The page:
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Album Review

Amos Milburn was born in Houston, TX, on April 1, 1927. After serving in the Navy during the Second World War, the young pianist began performing publicly in a style derived directly from his heroes Albert Ammons and Pete Johnson. While leading a small band at San Antonio's Keyhole Club, Milburn was discovered by Lola Anne Cullum, a talent scout working for the Los Angeles-based Aladdin record label. Soon after hiring Milburn, Cullum would also sign and record a pair of fine bluesmen from Houston, Wilson "Thunder" Smith and Sam "Lightnin'" Hopkins. Milburn was only 19 years old when he made his first records. This compilation documents everything he recorded between September 1946 and October 1947. As the musicians in his regular working band were considered too green to appear on records, Milburn was provided with a small backing ensemble composed of players whose names have since been forgotten, although tenor saxophonist Maxwell Davis was in charge of the group and is believed to have performed on the sides cut in 1947. The slow, soulful, and bluesy instrumental "Real Gone" is the greatest artistic achievement of the entire album. All of this action predates Milburn's big hit of 1948, "Chicken Shack Boogie," and serves as a fascinating prelude to this pianist's later work and all of the hot music he went on to inspire others to create.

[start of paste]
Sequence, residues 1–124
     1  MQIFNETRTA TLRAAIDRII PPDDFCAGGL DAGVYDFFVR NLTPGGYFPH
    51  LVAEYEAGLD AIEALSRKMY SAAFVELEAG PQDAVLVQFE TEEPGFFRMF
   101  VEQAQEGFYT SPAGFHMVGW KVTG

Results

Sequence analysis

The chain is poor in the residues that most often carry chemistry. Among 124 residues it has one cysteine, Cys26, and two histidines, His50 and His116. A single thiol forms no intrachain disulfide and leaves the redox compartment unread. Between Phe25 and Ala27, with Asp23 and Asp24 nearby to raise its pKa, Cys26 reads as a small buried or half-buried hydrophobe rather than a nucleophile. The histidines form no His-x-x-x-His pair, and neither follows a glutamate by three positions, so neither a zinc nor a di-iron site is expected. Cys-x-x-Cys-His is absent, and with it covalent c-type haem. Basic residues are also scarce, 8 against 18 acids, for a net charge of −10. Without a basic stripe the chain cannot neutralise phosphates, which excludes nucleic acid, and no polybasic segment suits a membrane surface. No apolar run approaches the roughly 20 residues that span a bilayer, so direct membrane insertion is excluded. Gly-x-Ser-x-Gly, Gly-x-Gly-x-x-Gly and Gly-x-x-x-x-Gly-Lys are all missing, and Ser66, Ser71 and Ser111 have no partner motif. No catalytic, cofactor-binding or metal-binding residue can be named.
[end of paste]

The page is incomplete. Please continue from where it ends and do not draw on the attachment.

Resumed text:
Born: 01 April 1927 in Houston, TX

Genre: Blues

Years Active: '40s, '50s, '60s

Boogie piano master Amos Milburn was born in Houston, and he died there a short 52 years later. In between, he pounded out some of the most hellacious boogies of the postwar era, usually recording in Los Angeles for Aladdin Records and specializing in good-natured upbeat romps about booze and its effects (both positive and negative) that proved massive hits during the immediate pre-rock era. The self-taught 88s ace made a name for himself as "the He-Man Martha Raye" around Houston before joining...
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